2020 Research Grants Blog Series – Part 2
Here is the second in our blog series on the new research projects MSA trust will be supporting later this year. John Telford, lay advisor on our Scientific Advisory Panel, writes about the second award:
Disrupted genetic instructions …
The lead researcher for this project is Dr Conceição Bettencourt who is a Postdoctoral Research Associate at the UCL Institute of Neurology working with Prof. Janice Holton’s lab. She has been working in the field of DNA methylation for several years because it has been found that this process is significantly and deleteriously affected in MSA. What is going on? And could it be put right?
So what is DNA methylation and why is it important?
DNA – which is organised into 46 chromosomes – is the instruction manual for making protein molecules which are the agents for making a cell do what it is supposed to do. The DNA is identical in every cell in the body so theoretically every cell can produce all 20,000 plus proteins. But clearly a further set of instructions is needed so that only the appropriate genes for a particular type of cell – a heart cell or a nerve cell, say – get switched on to make just the right set of proteins for that context. A major way in which this is done is through methylation. This is the attachment of the biochemical methyl group to appropriate places along the DNA chain, determining which genes are active and to what extent.
In MSA and other diseases the pattern of methylation becomes changed so that some proteins are produced when they shouldn’t be, or they are produced in the wrong amounts or not produced at all when they should be.
Why is this important for MSA?
Much more needs to be known about the molecular changes involved in MSA pathology – the details of what happens, what precedes what and what causes what. Changes in DNA methylation mirror the pathological chain of events. In some cases a methylation change could be the cause of other events and in other cases the consequence. There are also differences in these chains of events between different but related diseases, for instance between MSA, Parkinson’s and PSP. There are also methylation differences between the different areas of the brain that are affected in MSA. MSA pathology is highly complex and needs further teasing out. Studying methylation differences has already yielded a lot of preliminary information and this project is aimed at making important advances from here.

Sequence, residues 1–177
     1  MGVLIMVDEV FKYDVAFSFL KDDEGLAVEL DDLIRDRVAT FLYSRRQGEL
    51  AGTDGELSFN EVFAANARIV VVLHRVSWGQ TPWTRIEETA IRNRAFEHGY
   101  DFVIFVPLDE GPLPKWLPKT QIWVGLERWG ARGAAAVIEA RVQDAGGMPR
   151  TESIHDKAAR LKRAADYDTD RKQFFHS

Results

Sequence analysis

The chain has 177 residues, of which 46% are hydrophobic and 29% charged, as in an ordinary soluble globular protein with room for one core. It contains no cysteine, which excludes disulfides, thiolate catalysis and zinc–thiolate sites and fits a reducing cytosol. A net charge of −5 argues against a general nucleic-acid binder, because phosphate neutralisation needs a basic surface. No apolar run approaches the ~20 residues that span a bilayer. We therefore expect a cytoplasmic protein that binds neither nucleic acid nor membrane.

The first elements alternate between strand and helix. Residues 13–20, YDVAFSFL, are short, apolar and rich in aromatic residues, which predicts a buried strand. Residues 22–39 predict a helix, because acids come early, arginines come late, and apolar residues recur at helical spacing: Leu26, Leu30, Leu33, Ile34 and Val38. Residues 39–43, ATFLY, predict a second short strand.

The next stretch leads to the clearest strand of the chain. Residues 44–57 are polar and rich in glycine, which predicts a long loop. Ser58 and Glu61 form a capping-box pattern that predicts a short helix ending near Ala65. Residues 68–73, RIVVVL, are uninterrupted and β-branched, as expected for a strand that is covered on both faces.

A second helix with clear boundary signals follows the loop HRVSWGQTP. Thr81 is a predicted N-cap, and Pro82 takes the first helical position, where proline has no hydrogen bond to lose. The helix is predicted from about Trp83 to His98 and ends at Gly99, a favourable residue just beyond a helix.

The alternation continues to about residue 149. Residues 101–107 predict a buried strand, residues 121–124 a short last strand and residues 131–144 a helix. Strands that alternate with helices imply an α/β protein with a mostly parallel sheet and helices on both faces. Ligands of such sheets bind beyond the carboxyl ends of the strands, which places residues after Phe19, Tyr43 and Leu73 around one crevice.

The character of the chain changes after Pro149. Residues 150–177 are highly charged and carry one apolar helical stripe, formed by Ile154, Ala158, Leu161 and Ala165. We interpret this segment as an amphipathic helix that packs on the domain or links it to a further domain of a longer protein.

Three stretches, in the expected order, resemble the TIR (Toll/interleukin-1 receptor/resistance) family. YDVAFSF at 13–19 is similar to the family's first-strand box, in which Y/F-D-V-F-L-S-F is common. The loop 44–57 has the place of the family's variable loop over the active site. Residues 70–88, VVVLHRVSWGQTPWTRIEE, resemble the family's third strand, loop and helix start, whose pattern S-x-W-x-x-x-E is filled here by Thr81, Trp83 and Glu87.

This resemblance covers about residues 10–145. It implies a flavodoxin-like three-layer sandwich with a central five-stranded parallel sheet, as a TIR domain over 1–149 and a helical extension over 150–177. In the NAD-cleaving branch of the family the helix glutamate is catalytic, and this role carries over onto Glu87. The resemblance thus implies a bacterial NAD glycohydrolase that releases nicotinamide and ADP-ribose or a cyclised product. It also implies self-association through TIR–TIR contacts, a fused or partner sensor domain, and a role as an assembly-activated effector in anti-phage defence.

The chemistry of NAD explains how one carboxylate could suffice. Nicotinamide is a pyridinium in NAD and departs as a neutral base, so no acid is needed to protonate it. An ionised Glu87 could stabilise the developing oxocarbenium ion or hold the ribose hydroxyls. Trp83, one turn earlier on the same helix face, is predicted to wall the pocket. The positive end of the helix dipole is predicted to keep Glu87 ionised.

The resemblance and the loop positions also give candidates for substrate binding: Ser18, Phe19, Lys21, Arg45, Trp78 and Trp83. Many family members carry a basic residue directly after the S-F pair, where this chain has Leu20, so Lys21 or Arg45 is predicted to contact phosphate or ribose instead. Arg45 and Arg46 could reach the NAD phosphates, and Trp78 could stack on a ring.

A fuller understanding of the pathological pathways are likely to beneficial in two main ways. First, discerning different patterns for methylation in different diseases – and in the different types of MSA – could provide a more accurate way of diagnosing that someone had MSA rather than Parkinson’s, for instance.
Second, and more importantly for the MSA patient, a good understanding of the disease pathology could point to targets for drug intervention for treating the disease, slowing its progress or reducing its symptoms. Because methylation is a reversible process, harmful protein imbalances caused by it maybe could be corrected. Also it could be that faulty methylation is what makes certain brain cells more vulnerable to the build-up of aberrant forms of the protein alpha-synuclein – the condition that is characteristic of both MSA and Parkinson’s. Correcting the faulty methylation could provide a defence against further alpha-synuclein build-up.
How does the team intend to explore methylation in practical terms?
The project is based on analysing post-mortem brain tissue from samples held in the Queen Square Brain Bank. Much of the sampling has already been done and a mass of data has been accumulated which the project will analyse alongside new data. The patterns or signatures of methylation encompassing thousands of genetic sites will be determined and comparisons will be made between the samples from MSA, Parkinson’s and PSP patients and non-diseased persons. This will also take account of the severity and stage of disease reached so that a detailed picture of the progression of the changes can be built up.
The members of the team and their collaborators cover a huge range of expertise including epigenetics, transcriptomics, bioinformatics, neuropathology, biochemistry and neurology making them well-placed to successfully deliver the objectives of the project.
Disclaimer: The views and opinions expressed in the blogs published on these pages are those of the authors and do not necessarily reflect the official policy or position of the MSA Trust.